I suppose there's another way, which would be to alternate gluing in seam strips and braces. Start with the short seam piece nearest the tailblock. Then glue the lower bout lateral brace, then the next section of seam, etc. No chiselling required (as is necessary if you lay in a full length of seam first), and no issues with getting snug fits (as is the case if you lay in the braces first).

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Waddy Thomson
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Re: Q on bracing the back

Post by Waddy Thomson »

Layne Campbell wrote:ha Waddy,

Why does your purfling that is holding the soundboard to the sides look different from mine? did you use a bunch of individual pieces?

-Layne
If you are talking about the linings, in classical guitar construction, they are usually referred to as tentellones. Romanillos said that was a published error and they should be called dentallones(as in dental molding). Anyway, they are individual little triangular pieces glued to the sides and top with hot hide glue or fish glue. Each is held in place until they tack well, then the next is placed and held. The alternating sizes is a way not to have to worry too much if they aren't all exactly the same size.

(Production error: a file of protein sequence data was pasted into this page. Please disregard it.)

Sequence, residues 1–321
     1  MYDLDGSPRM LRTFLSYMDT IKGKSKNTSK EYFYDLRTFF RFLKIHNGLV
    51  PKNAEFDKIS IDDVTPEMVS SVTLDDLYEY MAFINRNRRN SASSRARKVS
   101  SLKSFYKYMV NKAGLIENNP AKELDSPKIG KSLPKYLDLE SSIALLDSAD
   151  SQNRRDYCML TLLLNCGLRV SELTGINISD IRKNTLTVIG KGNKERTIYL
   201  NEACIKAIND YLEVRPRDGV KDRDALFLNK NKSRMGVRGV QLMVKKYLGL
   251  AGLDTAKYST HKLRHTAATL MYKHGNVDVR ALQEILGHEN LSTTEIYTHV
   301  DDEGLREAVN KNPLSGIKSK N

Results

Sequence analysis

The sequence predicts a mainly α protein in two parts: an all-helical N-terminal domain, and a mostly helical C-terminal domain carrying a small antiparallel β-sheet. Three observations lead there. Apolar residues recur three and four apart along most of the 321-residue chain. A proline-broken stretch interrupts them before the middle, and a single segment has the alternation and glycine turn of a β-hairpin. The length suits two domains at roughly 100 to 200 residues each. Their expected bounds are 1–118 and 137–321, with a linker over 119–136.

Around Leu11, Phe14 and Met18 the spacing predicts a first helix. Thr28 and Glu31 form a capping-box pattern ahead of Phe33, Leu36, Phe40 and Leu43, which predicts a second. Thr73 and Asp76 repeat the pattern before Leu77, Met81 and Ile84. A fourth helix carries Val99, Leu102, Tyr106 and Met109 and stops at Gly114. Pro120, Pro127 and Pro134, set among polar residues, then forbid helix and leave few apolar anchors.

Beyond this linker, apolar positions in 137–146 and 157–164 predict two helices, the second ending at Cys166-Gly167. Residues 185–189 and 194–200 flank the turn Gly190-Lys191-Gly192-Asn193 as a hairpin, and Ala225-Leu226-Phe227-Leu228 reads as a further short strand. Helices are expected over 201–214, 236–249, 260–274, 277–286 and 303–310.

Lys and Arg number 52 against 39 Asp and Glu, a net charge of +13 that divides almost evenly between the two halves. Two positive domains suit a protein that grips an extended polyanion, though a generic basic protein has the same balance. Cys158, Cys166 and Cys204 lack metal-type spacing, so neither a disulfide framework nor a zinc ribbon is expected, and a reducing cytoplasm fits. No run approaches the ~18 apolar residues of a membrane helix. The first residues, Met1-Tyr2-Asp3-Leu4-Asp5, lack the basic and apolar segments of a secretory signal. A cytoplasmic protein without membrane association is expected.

Mario Proulx
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Re: Q on bracing the back

Post by Mario Proulx »

I have yet another way..

I make my center reinforcement strips in short sections(all from matching stock) that relate to the distance between the back braces(and blocks). I make these in batches, then set them aside, in order. One end of the strip is cut perfectly square. In use, I first mark the brace location on the back, then clamp a straight edge exactly 3/8" off the centerline(the strips are 3/4"). I glue the strips with the square end right against the lines, which will be the front edge of the brace.

Once dry, I can shape the strip(I like to see a nice radius on it), then I take each brace, hold it against the squared end of the strip, and with single-edge razor blade held tight to the brace, "chop" through the centerstrip. A 1/4" chisel them lifts-off the waste piece, a slight clean up is done, and onto the next one.

This gives me a very tight fit between the strip and braces, and also holds the braces in place while gluing!